India Insight

U.S. consulate for sale, in India’s daily paper

For sale: a spacious, well-built Mumbai townhouse with beautiful views, well-heeled neighbours and one considerate, well-respected former owner.

Lodged between an advert for hair loss treatment and an article on illicit after-hours drinking in India’s commercial hub, the U.S. government consulate in Mumbai invited bids for its two consulate properties in Tuesday’s Times of India newspaper.

The consulate building, located at a much sought-after address in the exclusive Breach Candy neighbourhood in the south of the city, has long been outgrown by its inhabitants, who already have a new location in Mumbai’s northern business district.

But a buyer has been elusive. Enter the world’s most-read English language daily.

“For sale,” read the red text of the advert on page 5 of the newspaper, “The American Consulate Properties”.

Congress’ 2007 leadership whispers underscore 2011 election dangers

Rumblings within the ruling Congress party that suggested the “jettison” of Prime Minister Manmohan Singh after the party’s electoral failures in state elections in 2007, cited in a secret diplomatic cable published on Monday, are a timely reminder of the dangerous implications of failure for Congress in elections this month.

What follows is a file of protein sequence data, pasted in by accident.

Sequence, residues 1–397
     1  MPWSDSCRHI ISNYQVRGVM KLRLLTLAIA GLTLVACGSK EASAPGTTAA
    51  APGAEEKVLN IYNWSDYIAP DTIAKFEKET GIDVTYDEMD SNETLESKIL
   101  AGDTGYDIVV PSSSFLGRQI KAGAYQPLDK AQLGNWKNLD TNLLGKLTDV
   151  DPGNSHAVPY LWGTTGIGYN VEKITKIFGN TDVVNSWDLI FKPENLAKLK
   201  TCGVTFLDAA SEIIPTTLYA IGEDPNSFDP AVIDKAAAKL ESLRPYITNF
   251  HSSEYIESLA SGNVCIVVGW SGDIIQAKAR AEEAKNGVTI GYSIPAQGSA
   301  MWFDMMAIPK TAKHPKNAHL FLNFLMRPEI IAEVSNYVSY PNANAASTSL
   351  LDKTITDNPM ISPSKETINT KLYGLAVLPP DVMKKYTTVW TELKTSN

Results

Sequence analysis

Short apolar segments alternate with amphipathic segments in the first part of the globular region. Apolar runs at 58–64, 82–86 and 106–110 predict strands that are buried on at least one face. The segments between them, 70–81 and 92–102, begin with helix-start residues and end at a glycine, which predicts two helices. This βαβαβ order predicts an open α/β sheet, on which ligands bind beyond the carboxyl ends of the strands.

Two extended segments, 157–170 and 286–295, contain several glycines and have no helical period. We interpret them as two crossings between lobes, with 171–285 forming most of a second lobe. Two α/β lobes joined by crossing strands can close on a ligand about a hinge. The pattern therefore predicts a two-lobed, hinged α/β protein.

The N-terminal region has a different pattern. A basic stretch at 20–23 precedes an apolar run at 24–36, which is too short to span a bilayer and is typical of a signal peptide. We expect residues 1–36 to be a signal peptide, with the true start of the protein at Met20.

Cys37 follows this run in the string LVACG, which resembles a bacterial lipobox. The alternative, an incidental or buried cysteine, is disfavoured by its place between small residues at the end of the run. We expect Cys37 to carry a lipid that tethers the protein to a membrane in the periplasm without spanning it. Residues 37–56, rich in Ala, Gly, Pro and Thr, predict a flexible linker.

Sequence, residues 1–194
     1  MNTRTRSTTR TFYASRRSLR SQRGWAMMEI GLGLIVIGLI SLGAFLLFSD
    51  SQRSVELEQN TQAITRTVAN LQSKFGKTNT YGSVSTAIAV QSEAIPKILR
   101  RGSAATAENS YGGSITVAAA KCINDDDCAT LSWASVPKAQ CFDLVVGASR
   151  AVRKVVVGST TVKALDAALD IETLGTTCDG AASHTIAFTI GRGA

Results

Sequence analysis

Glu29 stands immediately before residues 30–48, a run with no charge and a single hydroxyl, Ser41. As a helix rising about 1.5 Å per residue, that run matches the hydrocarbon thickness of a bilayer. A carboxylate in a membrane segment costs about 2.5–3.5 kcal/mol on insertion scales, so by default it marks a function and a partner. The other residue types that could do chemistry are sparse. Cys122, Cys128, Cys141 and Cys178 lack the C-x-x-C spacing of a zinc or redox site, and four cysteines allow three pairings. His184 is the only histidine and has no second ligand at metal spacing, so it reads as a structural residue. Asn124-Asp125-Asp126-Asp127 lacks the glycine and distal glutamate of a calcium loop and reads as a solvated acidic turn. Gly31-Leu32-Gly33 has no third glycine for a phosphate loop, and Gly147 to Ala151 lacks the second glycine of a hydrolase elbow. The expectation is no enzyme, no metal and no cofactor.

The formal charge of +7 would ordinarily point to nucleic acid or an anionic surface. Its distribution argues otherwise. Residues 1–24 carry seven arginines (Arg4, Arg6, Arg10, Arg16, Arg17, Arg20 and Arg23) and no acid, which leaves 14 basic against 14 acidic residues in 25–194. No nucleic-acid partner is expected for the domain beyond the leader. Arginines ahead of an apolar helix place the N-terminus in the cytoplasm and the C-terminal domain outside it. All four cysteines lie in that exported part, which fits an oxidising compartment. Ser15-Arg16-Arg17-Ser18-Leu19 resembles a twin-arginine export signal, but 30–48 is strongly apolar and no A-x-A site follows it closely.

India's ruling Congress party president Sonia Gandhi watched by Prime Minister Manmohan Singh (L) fills nomination papers seeking to retain her post as the party chief at her residence in New Delhi September 2, 2010. REUTERS/B Mathur

The electorates of Assam, Kerala, Pondicherry, Tamil Nadu and West Bengal will go the polls this month to elect new state legislatures, in the first tests of public confidence in India’s ruling party that has been implicated in a string of multi-billion-dollar corruption scandals over the past nine months.

Singh, a 78-year-old technocrat and economic reformist, had his leadership questioned by senior aides to Congress President Sonia Gandhi, who mooted a more politically sellable replacement following electoral defeats in Punjab and Uttarakhand, detailed a U.S. state department cable accessed by WikiLeaks and published by The Hindu newspaper.

India’s Iran double-speak could shed light on its Libya muddle

India’s Congress-led government has a “flimsy” relationship with Iran, and holds a far more U.S.-centric view of Tehran despite a number of public statements clashing with Washington’s stance towards the country, a leaked U.S. diplomatic cable said.